by Nicolas Ridley
A basement dive. Low lights. Murmured conversations. A jazz quartet is playing in the background. Couples sit at glass-topped tables. Punters lean against the polished bar. Clink. Tinkle. A bark of laughter. A chair is pushed back. A portly gentleman, wearing a spotted bow-tie, bends over a woman, his hand resting on her shoulder. She looks up at him. Smiles. The man straightens. Turns. Picks his way through the tables. The woman’s smile fades.
In a dark corner, Almo sits alone with a soft drink. Tomato juice with ice and lime.
He looks around. Looks around again. And then sees Almo. Ronald hurries over to Almo’s table.
—There you are, says Ronald. Didn’t see you at first, hidden away.
Almo raises his eyes. Says nothing.
Ronald is about to hold out his hand. Then seems to think better of it.
—Of course, says Ronald. You don’t want to make yourself conspicuous. Not in your line of work. Can I buy you a drink?
Almo shakes his head, once.
—No. Understood. Quite right, says Ronald. Need to keep focused. Stay sharp. Eyes peeled. On your toes. That’s right, isn’t it?
Almo again says nothing.
—Well, then, says Ronald. All set? You’ll know him when you see him, won’t you? Donald, I mean. Of course you will. Medium-height, medium-build, middle-aged. Brown hair with a touch of grey. Usually wears glasses. Used to have a moustache but he doesn’t have one now. Shaved it off a year ago. Don’t know why. Anyway, you can’t miss him. Ha, ha. Sorry. Poor choice of words. Bad taste.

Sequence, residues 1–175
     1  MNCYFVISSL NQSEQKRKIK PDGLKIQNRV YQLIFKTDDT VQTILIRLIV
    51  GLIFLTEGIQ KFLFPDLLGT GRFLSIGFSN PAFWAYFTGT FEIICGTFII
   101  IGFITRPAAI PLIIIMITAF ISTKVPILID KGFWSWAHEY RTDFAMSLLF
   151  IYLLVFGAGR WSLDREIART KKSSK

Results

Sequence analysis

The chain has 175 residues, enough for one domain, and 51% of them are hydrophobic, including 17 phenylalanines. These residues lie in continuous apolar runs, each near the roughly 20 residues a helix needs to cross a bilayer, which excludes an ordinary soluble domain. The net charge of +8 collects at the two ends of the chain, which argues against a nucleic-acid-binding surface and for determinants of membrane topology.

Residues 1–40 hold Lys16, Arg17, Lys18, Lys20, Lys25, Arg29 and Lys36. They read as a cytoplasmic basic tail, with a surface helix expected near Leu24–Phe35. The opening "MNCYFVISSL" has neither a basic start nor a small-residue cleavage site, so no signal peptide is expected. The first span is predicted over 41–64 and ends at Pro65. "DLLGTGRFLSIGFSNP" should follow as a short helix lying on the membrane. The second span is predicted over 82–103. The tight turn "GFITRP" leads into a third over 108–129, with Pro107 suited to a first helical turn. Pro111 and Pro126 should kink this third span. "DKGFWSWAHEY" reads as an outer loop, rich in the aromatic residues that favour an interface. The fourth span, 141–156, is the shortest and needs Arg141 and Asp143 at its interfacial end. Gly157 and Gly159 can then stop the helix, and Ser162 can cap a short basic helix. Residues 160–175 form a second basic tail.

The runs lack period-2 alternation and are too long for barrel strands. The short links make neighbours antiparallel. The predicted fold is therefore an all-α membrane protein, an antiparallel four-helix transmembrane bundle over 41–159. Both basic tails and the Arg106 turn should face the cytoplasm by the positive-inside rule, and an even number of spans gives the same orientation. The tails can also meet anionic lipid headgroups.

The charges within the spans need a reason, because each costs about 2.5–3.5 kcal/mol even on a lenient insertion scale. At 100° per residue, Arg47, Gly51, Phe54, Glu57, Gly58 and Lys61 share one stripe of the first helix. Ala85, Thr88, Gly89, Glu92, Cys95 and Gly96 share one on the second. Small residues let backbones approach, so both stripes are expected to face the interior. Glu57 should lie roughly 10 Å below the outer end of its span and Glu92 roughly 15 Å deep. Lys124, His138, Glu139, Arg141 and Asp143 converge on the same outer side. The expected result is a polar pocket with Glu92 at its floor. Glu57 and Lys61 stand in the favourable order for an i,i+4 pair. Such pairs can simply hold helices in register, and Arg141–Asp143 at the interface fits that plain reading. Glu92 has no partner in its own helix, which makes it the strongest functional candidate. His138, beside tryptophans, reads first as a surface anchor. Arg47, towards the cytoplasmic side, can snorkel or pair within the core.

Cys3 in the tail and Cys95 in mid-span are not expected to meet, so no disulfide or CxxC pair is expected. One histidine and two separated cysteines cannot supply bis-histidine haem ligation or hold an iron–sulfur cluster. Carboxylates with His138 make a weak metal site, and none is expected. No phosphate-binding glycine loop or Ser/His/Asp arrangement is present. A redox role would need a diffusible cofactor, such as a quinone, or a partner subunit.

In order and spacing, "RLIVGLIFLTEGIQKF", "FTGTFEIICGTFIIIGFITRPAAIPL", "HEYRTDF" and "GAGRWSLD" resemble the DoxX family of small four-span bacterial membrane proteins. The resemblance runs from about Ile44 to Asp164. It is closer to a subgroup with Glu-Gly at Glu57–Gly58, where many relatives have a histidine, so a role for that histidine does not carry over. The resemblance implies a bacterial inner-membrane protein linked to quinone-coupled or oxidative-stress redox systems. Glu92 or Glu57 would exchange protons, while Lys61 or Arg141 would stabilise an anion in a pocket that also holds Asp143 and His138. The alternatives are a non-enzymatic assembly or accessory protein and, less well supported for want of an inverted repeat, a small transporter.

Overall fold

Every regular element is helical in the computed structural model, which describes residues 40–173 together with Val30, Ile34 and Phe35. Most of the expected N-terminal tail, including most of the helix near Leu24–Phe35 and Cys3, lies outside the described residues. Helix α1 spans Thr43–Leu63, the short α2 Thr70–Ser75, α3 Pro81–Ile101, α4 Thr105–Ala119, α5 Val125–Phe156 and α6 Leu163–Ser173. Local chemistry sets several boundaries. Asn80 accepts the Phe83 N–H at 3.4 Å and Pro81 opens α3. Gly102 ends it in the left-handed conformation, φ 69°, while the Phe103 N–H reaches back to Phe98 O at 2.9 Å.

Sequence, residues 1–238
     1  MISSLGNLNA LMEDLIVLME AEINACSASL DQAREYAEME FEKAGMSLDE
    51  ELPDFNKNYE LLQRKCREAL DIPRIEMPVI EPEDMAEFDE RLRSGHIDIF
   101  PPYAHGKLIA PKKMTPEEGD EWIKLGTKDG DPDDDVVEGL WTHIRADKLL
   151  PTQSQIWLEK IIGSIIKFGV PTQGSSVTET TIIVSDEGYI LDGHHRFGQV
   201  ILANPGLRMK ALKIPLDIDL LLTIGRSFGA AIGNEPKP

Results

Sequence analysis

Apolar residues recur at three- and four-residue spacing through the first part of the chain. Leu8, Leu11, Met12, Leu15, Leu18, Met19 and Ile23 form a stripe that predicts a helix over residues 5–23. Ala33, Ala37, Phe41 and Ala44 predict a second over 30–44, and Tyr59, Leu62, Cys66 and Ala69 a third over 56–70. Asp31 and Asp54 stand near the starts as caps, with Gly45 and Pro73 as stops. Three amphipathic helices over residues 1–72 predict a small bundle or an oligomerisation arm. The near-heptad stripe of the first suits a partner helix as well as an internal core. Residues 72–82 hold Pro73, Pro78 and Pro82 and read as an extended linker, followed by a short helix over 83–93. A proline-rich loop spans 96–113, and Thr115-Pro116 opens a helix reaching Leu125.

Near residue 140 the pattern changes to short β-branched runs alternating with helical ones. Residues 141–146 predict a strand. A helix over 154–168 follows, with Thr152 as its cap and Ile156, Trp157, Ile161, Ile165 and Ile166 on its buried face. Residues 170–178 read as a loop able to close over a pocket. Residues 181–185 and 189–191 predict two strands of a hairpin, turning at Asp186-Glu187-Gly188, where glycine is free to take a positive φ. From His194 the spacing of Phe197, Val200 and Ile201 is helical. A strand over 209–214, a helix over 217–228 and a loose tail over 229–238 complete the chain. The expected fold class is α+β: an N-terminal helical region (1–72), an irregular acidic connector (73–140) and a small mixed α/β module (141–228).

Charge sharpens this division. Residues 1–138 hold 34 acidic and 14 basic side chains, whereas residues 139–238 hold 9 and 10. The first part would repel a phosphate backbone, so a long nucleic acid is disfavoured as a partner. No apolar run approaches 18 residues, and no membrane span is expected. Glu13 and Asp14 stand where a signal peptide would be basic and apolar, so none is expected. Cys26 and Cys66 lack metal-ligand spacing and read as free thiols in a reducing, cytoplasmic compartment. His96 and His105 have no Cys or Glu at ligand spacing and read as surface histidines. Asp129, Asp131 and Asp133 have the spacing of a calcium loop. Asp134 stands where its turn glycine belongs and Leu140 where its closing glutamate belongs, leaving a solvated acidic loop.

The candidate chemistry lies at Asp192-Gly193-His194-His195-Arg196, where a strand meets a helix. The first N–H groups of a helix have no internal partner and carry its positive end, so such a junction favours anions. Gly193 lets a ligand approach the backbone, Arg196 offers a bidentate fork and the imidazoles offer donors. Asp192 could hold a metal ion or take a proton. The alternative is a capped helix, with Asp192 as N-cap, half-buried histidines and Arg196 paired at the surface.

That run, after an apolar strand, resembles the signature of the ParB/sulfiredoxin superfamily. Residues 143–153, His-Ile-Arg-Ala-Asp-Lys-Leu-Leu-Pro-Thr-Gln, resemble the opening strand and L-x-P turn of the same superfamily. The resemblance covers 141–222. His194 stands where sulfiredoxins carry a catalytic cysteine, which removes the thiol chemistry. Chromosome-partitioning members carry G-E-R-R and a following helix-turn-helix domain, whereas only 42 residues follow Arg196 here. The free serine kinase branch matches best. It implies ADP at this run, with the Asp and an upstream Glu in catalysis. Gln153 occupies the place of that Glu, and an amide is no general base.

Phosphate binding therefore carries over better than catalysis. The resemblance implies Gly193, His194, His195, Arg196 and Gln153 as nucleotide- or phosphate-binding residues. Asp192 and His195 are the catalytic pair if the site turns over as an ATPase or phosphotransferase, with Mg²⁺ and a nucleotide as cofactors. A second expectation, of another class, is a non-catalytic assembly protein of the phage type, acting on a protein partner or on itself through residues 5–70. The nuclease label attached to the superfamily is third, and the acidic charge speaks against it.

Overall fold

Almo takes a crumpled photograph from his side pocket. Looks at it. Returns it to his pocket.
—Pity it had to come to this, says Ronald. A great pity. Poor Donald. Not a bad chap. A bit of an idiot, of course. Tittle-tattle. Indiscretions. Nothing too serious. But things come to an end, don’t they? They run out of track. Hit the buffers. Slip off the runway. Then bang.
The spotted bow-tie returns from the bar with two frosted glasses. He sits. Settles. The woman revives her smile.
—You’ll make it quick, won’t you? says Ronald. Quick and clean. It’s the least he deserves. Mind if I ask what you’re using? A Beretta? A Luger? A Smith and Wesson?
Almo is watching the band.
Almo signals for Ronald to sit down at his table. Ronald sits. Almo takes a gun from his jacket pocket and rests it on his knee.
—Ah, yes! says Ronald. Naturally. The bolt-action Welrod. A classic. The choice of the true professional. So silent there’s nothing to hear but the dead man’s death-rattle. That’s what they say, isn’t it?
The music finishes. Drinkers turn towards the band and applaud.
Almo lifts the Welrod and shoots Ronald once in the side of the head. Ronald falls forwards onto the table. The applause continues. And stops. Almo returns the gun to his pocket. He rises from the table. Leaves the bar. Unhurried.
Nicolas Ridley lives in London & Bath (UK) where he writes fiction, non-fiction, flash fiction, scripts and stage plays under different names. A prize-winner and twice a Pushcart Prize nominee, his short stories have been widely published in anthologies, literary magazines and journals in the UK, Ireland, Canada and the USA. Website: nicolasridley.co.uk